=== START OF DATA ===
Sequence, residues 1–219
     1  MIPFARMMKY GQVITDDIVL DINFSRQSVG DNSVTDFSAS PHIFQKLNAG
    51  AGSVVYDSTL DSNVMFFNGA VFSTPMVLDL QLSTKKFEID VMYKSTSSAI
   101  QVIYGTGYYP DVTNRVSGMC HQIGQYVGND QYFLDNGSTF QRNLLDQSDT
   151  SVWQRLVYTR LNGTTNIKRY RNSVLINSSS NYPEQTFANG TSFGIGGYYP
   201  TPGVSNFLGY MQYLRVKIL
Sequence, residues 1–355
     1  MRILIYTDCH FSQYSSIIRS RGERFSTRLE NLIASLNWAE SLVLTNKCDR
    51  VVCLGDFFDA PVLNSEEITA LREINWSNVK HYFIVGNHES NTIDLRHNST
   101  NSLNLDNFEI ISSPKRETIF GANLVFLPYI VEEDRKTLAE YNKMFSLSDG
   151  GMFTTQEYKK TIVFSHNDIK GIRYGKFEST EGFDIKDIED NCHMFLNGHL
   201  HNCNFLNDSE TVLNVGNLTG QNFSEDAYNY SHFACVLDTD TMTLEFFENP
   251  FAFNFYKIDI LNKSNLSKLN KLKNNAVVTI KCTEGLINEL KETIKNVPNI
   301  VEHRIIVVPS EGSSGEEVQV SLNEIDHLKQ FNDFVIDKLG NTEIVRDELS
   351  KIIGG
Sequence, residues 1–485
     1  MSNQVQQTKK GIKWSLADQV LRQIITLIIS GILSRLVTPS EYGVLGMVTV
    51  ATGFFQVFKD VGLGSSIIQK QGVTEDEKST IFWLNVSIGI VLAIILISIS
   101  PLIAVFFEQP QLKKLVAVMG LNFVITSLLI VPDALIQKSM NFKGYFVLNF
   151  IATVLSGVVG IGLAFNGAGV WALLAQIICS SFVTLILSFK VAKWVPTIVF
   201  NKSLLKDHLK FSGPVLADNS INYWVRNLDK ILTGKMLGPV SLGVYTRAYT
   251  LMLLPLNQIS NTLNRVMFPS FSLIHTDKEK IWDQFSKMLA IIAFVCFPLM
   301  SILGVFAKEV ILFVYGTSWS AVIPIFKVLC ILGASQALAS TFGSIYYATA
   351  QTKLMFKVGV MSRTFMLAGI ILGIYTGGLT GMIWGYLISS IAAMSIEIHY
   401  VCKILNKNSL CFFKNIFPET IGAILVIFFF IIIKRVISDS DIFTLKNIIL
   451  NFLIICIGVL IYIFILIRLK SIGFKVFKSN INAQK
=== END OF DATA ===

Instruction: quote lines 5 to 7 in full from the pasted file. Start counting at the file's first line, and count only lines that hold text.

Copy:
   151  SVWQRLVYTR LNGTTNIKRY RNSVLINSSS NYPEQTFANG TSFGIGGYYP
   201  TPGVSNFLGY MQYLRVKIL
Sequence, residues 1–355